The tradition of celebrating St. Joseph's Day started centuries ago in Sicily. A great multi year drought had left the island in famine and the residents prayed to the Patron Saint of Sicily, St. Joseph, to relieve the drought. The drought did end and a bountiful harvest ensued. In grateful appreciation of this bounty, the landowners invited everyone to their homes to enjoy a lavish meal in celebration and appreciation to St. Joseph!
Today St. Joseph's Day celebrations invite guests for a St. Joseph's altar and feast, and encourages them to make a contribution to those in need. In appreciation and gratitude for our blessings we invite you to participate in a St. Joseph's Day celebration to support those who are less fortune than us.
St. Joseph Day Facts:
1. St. Joseph is the patron saint of Sicily and The Diocese of Buffalo.
2. St. Joseph's Day is widely celebrated by the Italian community.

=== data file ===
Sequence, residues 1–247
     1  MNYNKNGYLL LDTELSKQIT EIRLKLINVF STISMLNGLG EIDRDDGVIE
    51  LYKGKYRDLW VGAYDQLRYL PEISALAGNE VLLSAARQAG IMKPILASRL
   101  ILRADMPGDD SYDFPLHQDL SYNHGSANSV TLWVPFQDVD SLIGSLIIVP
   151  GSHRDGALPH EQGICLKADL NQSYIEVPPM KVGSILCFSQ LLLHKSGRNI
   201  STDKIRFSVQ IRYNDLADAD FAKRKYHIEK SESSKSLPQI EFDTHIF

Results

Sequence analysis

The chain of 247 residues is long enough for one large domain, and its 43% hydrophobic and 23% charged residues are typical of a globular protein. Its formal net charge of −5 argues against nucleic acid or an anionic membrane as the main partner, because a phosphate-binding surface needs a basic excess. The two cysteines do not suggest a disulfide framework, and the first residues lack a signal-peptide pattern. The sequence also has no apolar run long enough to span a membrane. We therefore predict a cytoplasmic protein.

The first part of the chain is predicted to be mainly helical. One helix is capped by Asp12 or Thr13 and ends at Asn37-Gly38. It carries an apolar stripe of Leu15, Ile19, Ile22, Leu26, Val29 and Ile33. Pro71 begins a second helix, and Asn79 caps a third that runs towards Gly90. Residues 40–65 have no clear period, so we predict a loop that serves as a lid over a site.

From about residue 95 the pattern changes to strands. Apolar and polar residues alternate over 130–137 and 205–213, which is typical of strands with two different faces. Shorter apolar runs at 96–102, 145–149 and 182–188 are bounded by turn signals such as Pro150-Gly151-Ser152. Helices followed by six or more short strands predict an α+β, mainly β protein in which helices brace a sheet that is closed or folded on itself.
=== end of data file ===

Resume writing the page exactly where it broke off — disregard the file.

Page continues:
3. The altar, also known as "St. Joseph's Table" or "la tavola di San Giuseppe," is an important part of the ceremony. It is decorated with flowers, candles, wine and some "lucky" foods.
4. Meat is usually left off the altar since St. Joseph's Day takes place during Lent. Instead, believers feast on fish and other seafood.
5. Breadcrumbs as opposed to cheese are usually incorporated into dishes. They represent sawdust, which commemorates Joseph's job as a carpenter. They could also represent the dry earth during the draught.
6. Fava beans are "lucky" since they survived during a draught in Italy during the middle Ages when nothing else did. St. Joseph, through God, saved worshipers from the draught, some believe.
7. Lemons are also thought to be good luck on this day. A side fact: If a woman looking to get married steals a lemon from the altar, it will help her find a husband.